The term Project Management Office (PMO), is a term often used in the change management space. Many professionals have their own understanding of what this term means.
However, just like everyone understands what is meant by the term “car”, there are many types of car. The same applies to the term PMO, there are many types of PMO.
This post is going to draw on previous articles on the blog to give a good idea of the different types, flavours of PMO. It is helpful to have this understanding as it will help you make informed choices when designing, building and enhancing your own PMO.
While the PMO can take many forms, the approach I have taken at pmmajik.com is that a PMO falls into one of the following broad categories based on purpose and capability:
These categories represent the different steps on the PMO maturity journey (the PMO functions they support). Therefore, an Administrative PMO will normally be staffed with more junior / less experienced resources where as a Managerial PMO will typically have very senior resources who have direct management of the change resources.
In order to describe a PMO, an organisation may use different names (with their associated acronyms). The different names are usually to describe the responsibility / span of control of the PMO.
Common examples are:
- PSO – Project support office
- PMO – project management office
- PgMO – Programme management office
- PPMO – Project portfolio office
- EPMO – Enterprise project management office
The responsibility level increases from PSO (usually local to a specific project) all the way to EPMO (usually spanning the entire organisation).
More details can be found in the article “Different names for a project management office”.
There is no set rule for the size of a PMO. However, I have come across common planning assumptions that a PMO budget should be approx. 5% of the combined project budget for which the PMO has oversight.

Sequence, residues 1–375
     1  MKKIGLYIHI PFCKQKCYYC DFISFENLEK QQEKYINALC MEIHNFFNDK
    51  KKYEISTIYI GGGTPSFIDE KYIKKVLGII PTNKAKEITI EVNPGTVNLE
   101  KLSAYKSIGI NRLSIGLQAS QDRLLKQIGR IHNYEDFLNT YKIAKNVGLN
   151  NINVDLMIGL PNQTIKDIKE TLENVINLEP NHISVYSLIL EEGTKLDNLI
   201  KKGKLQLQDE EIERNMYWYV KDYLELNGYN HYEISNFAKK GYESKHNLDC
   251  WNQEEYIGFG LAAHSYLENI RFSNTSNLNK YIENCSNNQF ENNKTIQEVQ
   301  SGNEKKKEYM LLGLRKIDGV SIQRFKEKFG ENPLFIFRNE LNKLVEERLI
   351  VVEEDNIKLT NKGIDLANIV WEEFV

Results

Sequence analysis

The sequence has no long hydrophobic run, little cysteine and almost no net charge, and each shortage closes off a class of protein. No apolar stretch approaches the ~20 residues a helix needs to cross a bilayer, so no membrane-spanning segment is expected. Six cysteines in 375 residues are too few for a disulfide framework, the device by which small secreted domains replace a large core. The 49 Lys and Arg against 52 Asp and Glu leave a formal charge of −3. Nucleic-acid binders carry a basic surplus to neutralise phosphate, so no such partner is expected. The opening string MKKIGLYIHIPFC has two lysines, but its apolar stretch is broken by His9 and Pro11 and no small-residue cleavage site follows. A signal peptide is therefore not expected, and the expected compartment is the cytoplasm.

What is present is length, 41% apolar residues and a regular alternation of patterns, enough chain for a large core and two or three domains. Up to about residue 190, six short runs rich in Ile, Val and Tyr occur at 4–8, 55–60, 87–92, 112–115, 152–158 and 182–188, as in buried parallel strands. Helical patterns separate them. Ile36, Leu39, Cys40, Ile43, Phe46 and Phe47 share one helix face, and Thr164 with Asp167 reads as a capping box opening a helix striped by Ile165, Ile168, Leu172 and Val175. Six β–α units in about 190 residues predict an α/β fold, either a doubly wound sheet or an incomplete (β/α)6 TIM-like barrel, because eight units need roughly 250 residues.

Obviously a level of discretion is required as this will depend on the objectives of the PMO. An Administrative PMO will normally require less budget than a Managerial PMO.
Distributed V Centralised
This is driven by the capability, responsibility and the desired operating model.
- Distributed – this is where there is a small central PMO with the majority a PMO capability located in the actual project teams. This is more typical of an Administrative PMO.
- Centralised – this is where there is a large central PMO performing majority of functions. This is more typical of a Managerial PMO.
Types of PMO
Hopefully you can see that just taking these 4 broad considerations, there are many different types of project management office.
The good news is that there is no right or wrong academic answer. However, there is a right or wrong answer for your organisation. This is why defining the objectives of the PMO and agreeing up front with the sponsor is critical.
You can find out more in the article “Defining the objectives of a PMO to help a sponsor measure success”.
Understanding these principles will help guide you in defining and implementing the right type of PMO for your organisation.
Types of PMO Presentation